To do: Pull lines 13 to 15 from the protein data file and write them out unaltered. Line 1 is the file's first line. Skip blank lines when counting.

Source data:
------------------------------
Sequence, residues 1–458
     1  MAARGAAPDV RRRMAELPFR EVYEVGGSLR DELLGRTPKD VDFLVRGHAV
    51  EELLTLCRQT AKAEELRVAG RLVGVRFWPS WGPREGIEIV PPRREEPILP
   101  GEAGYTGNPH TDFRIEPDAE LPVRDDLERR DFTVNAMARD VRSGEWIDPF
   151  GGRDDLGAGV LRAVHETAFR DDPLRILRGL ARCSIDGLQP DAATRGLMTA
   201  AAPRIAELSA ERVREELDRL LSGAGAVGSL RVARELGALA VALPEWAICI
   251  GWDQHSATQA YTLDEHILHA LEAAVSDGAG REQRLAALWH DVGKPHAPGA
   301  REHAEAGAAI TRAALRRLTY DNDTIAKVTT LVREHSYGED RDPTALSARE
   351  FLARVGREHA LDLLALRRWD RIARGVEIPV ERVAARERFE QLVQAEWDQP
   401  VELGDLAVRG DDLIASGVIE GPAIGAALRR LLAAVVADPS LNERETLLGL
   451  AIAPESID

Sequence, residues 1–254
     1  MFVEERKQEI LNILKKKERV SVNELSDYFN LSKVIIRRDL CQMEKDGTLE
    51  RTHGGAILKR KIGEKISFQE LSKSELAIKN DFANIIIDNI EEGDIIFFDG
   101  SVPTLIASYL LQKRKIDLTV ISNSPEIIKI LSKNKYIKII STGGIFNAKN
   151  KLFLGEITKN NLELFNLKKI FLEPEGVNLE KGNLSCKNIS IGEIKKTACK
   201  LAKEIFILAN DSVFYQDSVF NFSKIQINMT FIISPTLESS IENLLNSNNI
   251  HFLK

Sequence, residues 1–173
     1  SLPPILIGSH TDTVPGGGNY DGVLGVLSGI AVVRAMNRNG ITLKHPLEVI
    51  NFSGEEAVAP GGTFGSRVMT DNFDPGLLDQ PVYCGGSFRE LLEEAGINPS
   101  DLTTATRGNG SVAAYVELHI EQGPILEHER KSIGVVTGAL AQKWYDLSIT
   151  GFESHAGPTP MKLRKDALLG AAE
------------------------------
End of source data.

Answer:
     1  MFVEERKQEI LNILKKKERV SVNELSDYFN LSKVIIRRDL CQMEKDGTLE
    51  RTHGGAILKR KIGEKISFQE LSKSELAIKN DFANIIIDNI EEGDIIFFDG
   101  SVPTLIASYL LQKRKIDLTV ISNSPEIIKI LSKNKYIKII STGGIFNAKN